The synapses in this region of the brain are also intensely studied as they are imbued with a capacity for use-dependent plasticity, the best studied model being long-term potentiation (LTP). LTP is a model of information acquisition (learning) and storage (memory) at the synaptic level. It is induced by applying trains of stimulus pulses at high frequencies to the incoming pathway of the monosynaptic circuit and measuring the amplitude of the induced change in synaptic responsiveness that persists for hours, and in some instances days to weeks (Malenka and Nicoll, 1999; Martinez and Derrick, 1996; Gilbert and Burdette, 1995). The induction of LTP is believed to emulate, both at the synaptic and molecular level, the coincident firing of large numbers of neurons that are engaged during a learning event. The persistence of LTP emulates the duration of the memory of that learning event.
Field potentials are recorded from slices of hippocampus taken from exposed animals, or from indwelling electrodes placed within the appropriate hippocampal field. One electrode is placed in the afferent fiber pathway (e.g., perforant path for dentate gyrus, Schaeffer collaterals for CA1 region) and a brief electrical pulse applied to stimulate these axons. A second electrode is placed in the synaptic or cell body region to record the activity evoked by the incoming pulse. Electrodes are placed visually according to established landmarks in in vitro preparations, and acccording to stereotaxic coordinates for in vivo preparations. Once accurately placed, a series of stimulus pulses at increasing stimulus current intensities are applied to the input pathway, and the response evoked in the receiving neuronal population is recorded.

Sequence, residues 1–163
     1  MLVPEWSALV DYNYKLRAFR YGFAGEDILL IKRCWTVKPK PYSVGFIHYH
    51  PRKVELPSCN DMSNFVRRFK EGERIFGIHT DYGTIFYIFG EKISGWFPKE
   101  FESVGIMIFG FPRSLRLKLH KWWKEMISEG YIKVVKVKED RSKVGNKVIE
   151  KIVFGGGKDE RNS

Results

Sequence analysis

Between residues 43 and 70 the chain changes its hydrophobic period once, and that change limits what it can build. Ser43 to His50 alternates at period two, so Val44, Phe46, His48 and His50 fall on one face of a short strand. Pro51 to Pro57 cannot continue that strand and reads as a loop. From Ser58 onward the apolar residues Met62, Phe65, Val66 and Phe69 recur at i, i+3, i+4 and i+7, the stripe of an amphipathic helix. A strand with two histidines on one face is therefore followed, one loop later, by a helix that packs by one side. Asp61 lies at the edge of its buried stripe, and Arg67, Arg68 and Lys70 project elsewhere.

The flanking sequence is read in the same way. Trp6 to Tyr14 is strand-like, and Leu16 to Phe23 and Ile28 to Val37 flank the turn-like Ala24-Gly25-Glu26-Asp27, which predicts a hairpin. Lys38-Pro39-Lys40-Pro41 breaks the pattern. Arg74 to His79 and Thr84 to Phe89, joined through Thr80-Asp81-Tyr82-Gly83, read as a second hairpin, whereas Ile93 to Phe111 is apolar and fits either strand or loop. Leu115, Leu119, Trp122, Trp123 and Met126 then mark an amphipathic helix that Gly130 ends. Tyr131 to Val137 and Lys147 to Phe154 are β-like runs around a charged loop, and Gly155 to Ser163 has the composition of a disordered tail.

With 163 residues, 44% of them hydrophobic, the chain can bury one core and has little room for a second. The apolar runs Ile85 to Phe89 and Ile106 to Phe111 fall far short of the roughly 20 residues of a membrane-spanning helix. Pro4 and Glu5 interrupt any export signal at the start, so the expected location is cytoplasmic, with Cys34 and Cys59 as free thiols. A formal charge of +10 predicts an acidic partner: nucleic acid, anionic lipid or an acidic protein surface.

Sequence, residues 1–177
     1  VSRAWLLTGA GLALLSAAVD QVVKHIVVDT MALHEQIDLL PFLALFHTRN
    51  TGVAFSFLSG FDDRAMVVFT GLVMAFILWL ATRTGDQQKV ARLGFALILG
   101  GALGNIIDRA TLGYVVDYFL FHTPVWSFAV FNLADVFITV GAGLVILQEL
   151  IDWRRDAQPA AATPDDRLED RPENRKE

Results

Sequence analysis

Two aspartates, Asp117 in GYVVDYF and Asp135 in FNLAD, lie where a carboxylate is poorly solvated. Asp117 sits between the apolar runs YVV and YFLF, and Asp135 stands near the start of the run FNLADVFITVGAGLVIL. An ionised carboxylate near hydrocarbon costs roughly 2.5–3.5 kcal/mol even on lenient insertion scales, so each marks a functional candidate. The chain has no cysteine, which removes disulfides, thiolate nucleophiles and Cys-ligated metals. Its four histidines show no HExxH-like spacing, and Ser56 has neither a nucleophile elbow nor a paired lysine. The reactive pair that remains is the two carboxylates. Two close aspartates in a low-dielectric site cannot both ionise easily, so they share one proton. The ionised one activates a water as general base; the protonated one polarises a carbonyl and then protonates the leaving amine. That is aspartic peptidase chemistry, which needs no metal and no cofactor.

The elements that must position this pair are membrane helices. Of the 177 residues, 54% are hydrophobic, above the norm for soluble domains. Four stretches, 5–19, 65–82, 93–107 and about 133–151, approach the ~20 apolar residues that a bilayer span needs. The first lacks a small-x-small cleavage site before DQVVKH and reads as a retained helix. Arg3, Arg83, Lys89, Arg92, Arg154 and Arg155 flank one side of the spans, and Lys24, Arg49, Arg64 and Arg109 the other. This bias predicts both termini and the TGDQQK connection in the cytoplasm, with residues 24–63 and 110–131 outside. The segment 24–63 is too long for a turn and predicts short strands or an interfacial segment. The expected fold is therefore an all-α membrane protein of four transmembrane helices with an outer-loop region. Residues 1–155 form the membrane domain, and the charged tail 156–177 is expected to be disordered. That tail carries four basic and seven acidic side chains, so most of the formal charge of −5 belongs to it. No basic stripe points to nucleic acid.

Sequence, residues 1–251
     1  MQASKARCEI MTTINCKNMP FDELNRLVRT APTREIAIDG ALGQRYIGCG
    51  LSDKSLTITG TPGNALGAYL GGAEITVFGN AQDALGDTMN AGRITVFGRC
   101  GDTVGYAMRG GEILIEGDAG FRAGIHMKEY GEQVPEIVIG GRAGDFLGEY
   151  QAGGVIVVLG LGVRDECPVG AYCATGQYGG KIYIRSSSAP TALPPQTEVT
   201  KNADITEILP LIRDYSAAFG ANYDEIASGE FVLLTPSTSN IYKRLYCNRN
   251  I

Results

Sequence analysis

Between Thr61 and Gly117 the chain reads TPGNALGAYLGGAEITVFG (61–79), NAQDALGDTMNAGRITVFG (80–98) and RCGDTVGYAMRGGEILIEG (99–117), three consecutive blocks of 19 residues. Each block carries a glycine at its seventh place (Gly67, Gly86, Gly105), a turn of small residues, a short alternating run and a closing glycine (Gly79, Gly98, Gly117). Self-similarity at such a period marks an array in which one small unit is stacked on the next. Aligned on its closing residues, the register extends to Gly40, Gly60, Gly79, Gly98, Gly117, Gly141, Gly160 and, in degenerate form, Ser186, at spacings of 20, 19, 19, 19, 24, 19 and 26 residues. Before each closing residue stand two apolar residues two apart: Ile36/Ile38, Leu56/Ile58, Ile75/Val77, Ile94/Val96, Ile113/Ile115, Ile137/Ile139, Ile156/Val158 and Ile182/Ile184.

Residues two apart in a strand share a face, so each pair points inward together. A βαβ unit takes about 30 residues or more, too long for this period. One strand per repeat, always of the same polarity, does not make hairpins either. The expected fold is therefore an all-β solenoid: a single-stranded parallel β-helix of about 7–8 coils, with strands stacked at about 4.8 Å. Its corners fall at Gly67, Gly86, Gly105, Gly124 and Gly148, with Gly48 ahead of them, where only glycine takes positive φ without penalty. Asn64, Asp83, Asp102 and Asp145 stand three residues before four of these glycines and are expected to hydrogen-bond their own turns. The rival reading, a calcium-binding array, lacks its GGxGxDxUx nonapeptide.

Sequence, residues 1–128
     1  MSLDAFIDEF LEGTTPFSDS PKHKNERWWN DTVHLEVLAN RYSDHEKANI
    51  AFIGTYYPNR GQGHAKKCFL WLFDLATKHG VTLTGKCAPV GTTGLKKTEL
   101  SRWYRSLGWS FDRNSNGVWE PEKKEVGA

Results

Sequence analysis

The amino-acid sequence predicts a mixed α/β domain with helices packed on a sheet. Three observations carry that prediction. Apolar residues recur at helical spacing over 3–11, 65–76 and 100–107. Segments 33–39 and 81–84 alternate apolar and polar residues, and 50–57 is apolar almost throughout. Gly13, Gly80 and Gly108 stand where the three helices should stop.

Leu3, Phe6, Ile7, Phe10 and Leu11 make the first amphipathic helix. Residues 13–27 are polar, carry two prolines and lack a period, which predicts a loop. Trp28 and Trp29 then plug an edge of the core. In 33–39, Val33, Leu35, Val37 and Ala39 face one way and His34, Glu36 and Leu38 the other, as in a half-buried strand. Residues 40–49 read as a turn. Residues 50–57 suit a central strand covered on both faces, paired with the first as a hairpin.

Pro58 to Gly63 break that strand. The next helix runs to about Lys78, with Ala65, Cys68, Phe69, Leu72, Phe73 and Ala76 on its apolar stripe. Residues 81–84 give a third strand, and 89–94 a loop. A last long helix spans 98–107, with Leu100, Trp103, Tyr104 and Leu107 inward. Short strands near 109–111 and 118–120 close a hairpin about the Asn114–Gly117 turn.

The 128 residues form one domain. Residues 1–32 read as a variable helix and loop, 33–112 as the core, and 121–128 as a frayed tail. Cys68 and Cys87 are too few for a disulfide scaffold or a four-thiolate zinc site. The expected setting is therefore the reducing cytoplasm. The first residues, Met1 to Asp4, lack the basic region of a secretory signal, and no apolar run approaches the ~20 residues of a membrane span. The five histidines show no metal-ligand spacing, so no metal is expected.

Excitatory Synaptic Transmission: Two measures, the excitatory postsynaptic potential (EPSP) and the population spike are derived from the compound field potential in response to a series of single pulse stimulations applied at increasing stimulus strengths. The function described by the relationship of current strength (input) and evoked response (output), the I-O curve is the measure of excitatory synaptic transmission.
Inhibitory Synaptic Transmission: Pairs of stimulus pulses delivered in close temporal proximity is used to probe the integrity of inhibitory synaptic transmission. The response evoked by the second pulse of the pair at brief intervals (<30msec) arrives during the activation of feedback inhibitory loops in the hippocampus. An alteration in the degree of suppression to the 2nd pulse of the pair reflects altered inhibitory synaptic function.